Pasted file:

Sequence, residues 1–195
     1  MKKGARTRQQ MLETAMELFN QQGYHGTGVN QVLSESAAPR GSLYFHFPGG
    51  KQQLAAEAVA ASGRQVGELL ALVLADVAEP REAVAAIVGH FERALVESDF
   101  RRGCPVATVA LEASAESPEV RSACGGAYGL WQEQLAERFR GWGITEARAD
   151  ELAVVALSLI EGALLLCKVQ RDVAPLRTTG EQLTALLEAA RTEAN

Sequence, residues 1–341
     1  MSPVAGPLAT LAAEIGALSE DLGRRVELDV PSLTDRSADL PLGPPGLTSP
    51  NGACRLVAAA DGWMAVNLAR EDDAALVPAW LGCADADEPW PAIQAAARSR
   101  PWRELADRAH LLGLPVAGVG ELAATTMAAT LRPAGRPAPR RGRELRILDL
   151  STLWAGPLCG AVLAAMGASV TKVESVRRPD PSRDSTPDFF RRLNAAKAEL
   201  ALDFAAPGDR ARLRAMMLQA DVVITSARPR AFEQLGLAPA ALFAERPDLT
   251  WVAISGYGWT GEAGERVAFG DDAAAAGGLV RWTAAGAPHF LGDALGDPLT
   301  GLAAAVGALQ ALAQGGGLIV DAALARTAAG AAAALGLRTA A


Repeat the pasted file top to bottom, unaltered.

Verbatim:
Sequence, residues 1–195
     1  MKKGARTRQQ MLETAMELFN QQGYHGTGVN QVLSESAAPR GSLYFHFPGG
    51  KQQLAAEAVA ASGRQVGELL ALVLADVAEP REAVAAIVGH FERALVESDF
   101  RRGCPVATVA LEASAESPEV RSACGGAYGL WQEQLAERFR GWGITEARAD
   151  ELAVVALSLI EGALLLCKVQ RDVAPLRTTG EQLTALLEAA RTEAN

Sequence, residues 1–341
     1  MSPVAGPLAT LAAEIGALSE DLGRRVELDV PSLTDRSADL PLGPPGLTSP
    51  NGACRLVAAA DGWMAVNLAR EDDAALVPAW LGCADADEPW PAIQAAARSR
   101  PWRELADRAH LLGLPVAGVG ELAATTMAAT LRPAGRPAPR RGRELRILDL
   151  STLWAGPLCG AVLAAMGASV TKVESVRRPD PSRDSTPDFF RRLNAAKAEL
   201  ALDFAAPGDR ARLRAMMLQA DVVITSARPR AFEQLGLAPA ALFAERPDLT
   251  WVAISGYGWT GEAGERVAFG DDAAAAGGLV RWTAAGAPHF LGDALGDPLT
   301  GLAAAVGALQ ALAQGGGLIV DAALARTAAG AAAALGLRTA A